# Electric potential - doubt in sign convention

1. Dec 16, 2011

### logearav

Electric potential --- doubt in sign convention

1. The problem statement, all variables and given/known data

Revered members,
I know dV = -E.dx so
E = -dV/dx
So E should be E = -V/x . But while deriving capacitance of a parallel plate capacitor when dielectric medium is introduced we use E = V/x.
But how E = V/x?

2. Relevant equations

3. The attempt at a solution
1. The problem statement, all variables and given/known data

2. Relevant equations

3. The attempt at a solution

2. Dec 16, 2011

### Staff: Mentor

Re: Electric potential --- doubt in sign convention

Where have you seen a negative sign like this? If E is positive, then voltage increases with x. So E and dV/dx have the same sign.

3. Dec 16, 2011

### vkash

Re: Electric potential --- doubt in sign convention

When it comes to study of capacitances we are concerned to calculate charges on the capacitor not the direction in which potential increase or decrease.
However if you want to calculate the increase, decrease in potential with the help of electric field then you can with proper signs.
writing E=-V/x may create problem in soecases. so you should always us E=-dV/dx.

4. Dec 17, 2011

### ehild

Re: Electric potential --- doubt in sign convention

There are some confusions when using the term potential and voltage.

The electric field $\vec{E}$ is negative gradient of the potential U: $\vec{E}$=- grad(U). E points in the direction of potential drop: from positive to negative potential.

In a homogeneous electric field, parallel to the x axis,
E=-dU/dx. The integral of E between two points A and B is the work W done by the field on a unit positive charge when it moves from A to B:

$$W(A\rightarrow B)=\int_{x_A}^{x_B}{E dx}=-\int_{x_A}^{x_B}{(dU /dx)dx}$$
$$\int_{x_A}^{x_B}{E dx}=E(x_B-x_A)$$
$$-\int_{x_A}^{x_B}{(dU /dx)dx}=-\int_{x_A}^{x_B}{dU}=-U(x_B)+U(x_A)$$
$$W(A\rightarrow B)=E(x_B-x_A)=-U(x_B)+U(x_A)$$
If X_B-x_A= D ,
$$W=E D = U_A-U_B$$

The work done by he field when a unit positive charge moves from A to B is equal to the negative of the potential difference between points A and B. The work of the electric field is positive if UA >UB.

"Voltage" V is used in practical texts in the meaning of potential drop when going from A to B: It is the negative potential difference V(AB)=-(UB-UA)=-Δ U.

The potential drops on a resistor in the direction of the current flow from A to B. Ohm's law states that the voltage V measured between points A and B is V=IR. This means V=-ΔU=UA-UB=IR. Across a capacitor, the potential of the positive plate UA minus potential of the negative plate UB is equal to ED: UA-UB=-ΔU=ED, that is V=ED.

ehild

5. Dec 19, 2011

### logearav

Re: Electric potential --- doubt in sign convention

Thanks for the detailed explanation, ehild. What is the position of the two points A and B in a electric field? For example, i draw a straight line XY. Where should i position the points A and B that satisfies your explanation?
X_________________________________________y

6. Dec 19, 2011

### ehild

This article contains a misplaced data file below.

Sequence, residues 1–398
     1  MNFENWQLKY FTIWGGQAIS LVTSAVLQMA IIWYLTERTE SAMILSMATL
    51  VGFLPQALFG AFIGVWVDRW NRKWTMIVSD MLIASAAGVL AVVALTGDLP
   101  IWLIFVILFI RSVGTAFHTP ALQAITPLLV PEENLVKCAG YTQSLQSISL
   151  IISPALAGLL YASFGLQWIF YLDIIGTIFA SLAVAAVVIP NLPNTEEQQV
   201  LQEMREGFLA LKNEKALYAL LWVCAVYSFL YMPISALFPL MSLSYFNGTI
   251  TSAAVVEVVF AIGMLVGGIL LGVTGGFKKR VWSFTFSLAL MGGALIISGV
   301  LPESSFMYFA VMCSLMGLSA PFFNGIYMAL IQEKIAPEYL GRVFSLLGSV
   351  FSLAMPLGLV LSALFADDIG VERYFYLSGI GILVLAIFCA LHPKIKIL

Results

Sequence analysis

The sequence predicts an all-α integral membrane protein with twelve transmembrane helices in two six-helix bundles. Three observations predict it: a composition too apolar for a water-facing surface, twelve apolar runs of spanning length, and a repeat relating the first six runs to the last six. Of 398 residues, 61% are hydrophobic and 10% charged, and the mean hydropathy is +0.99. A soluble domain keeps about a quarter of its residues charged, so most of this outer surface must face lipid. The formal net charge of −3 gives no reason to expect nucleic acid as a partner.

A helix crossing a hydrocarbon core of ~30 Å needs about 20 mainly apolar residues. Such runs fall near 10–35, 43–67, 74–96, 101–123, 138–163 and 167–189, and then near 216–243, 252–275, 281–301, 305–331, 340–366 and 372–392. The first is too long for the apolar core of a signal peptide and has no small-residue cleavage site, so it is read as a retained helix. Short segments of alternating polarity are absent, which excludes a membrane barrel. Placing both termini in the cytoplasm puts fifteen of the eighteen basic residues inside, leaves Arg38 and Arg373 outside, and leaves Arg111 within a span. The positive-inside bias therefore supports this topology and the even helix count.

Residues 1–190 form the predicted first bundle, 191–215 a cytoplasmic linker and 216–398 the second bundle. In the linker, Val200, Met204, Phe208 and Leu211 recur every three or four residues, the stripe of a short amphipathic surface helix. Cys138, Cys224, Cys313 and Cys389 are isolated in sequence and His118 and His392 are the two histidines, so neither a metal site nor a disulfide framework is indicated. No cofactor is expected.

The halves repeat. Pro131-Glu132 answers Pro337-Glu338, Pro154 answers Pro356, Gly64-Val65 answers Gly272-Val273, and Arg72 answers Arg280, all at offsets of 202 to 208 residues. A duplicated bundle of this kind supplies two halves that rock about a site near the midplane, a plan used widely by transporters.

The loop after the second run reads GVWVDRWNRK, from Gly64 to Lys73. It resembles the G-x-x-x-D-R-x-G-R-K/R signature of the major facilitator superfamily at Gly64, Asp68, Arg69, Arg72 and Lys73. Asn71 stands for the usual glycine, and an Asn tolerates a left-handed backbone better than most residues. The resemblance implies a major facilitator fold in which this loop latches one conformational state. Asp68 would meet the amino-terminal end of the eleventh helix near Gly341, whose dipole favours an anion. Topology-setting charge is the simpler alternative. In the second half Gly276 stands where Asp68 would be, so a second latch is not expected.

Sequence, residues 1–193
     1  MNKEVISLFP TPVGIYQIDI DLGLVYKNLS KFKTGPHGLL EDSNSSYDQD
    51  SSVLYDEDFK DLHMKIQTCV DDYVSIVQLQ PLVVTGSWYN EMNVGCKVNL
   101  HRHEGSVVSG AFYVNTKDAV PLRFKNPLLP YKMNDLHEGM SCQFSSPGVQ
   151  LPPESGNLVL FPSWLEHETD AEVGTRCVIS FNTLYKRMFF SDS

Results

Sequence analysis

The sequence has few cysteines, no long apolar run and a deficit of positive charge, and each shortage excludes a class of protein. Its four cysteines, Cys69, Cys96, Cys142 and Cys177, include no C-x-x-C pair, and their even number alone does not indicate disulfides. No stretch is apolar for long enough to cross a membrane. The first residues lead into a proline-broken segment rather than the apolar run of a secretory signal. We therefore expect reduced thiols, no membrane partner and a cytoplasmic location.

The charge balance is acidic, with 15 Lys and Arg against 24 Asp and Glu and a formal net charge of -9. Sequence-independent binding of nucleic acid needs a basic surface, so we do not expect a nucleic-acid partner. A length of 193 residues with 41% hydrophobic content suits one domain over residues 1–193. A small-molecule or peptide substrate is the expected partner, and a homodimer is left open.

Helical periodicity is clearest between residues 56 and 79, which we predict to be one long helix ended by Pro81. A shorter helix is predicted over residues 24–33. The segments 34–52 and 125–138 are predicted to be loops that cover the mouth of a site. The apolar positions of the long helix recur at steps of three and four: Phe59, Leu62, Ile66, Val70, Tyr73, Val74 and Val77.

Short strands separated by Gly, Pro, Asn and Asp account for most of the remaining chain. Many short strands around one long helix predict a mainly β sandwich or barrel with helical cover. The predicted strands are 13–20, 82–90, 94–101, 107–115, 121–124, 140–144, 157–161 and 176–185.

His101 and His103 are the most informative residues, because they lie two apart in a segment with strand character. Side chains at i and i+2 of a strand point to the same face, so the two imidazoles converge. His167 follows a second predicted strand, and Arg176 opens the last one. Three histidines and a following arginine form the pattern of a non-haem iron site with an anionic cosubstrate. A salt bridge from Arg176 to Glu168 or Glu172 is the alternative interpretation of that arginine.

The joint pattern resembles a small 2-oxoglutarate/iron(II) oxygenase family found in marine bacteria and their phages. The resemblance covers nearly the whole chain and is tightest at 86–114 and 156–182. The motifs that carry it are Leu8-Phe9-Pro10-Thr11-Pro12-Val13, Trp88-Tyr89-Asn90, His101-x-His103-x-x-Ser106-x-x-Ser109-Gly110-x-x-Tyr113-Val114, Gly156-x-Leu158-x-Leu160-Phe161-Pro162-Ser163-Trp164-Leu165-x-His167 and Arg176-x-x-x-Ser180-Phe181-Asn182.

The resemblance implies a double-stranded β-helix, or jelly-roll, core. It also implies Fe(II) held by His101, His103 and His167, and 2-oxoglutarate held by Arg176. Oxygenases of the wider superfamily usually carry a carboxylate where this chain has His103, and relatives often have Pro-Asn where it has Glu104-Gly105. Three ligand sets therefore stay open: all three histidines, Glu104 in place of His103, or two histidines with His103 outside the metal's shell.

Re: Electric potential --- doubt in sign convention

When you choose a direction it means you go from the initial position to the final one. ΔU means the potential at the final position - the potential at the initial position.

ehild

7. Dec 19, 2011

### logearav

Re: Electric potential --- doubt in sign convention

Thanks ehild. Now, if i choose a point A say 5 cm from X and B at 9 cm from X, which is the point with higher potential?

8. Dec 19, 2011

### ehild

Re: Electric potential --- doubt in sign convention

The more positive one.

ehild

9. Dec 19, 2011

### logearav

Re: Electric potential --- doubt in sign convention

Thanks again. How could we find which point is more positive?

10. Dec 19, 2011

### ehild

Re: Electric potential --- doubt in sign convention

First you get information from the problem.
It is given either the charge (plus or minus) or the potential or the electric field somewhere. A positively charged object has electric field lines originating from the charges and pointing away from it. Do not forget that the direction of electric field is +-----> - The electric field points in the direction of decreasing potential. Using the information given, you can find out which point is positive or negative with respect to an other point, applying Coulomb's Law, Ohm's Law or the relation between potential and electric field E=-grad (U).

It has no sense asking which points of a line are positive without giving the electric details.

http://www.physicsclassroom.com/class/circuits/u9l1c.cfm

ehild

11. Dec 20, 2011

### logearav

Re: Electric potential --- doubt in sign convention

ok. Now i am confronted with the magnitude of test charge and source charge. Should they be of same magnitude? I presume the test charge is unit positive charge. But i cant get an idea of magnitude of source charge, in the concept of electric potential

12. Dec 20, 2011

### ehild

Re: Electric potential --- doubt in sign convention

A test charge is a little (positive) charge which is used to measure the electric field. It is so small that does not change the field. The source charge makes the electric field. The electric field has potential.

ehild

13. Dec 24, 2011

### logearav

Re: Electric potential --- doubt in sign convention

Thanks a lot ehild. The link you have given is so wonderful. I understood the concept. Thanks again.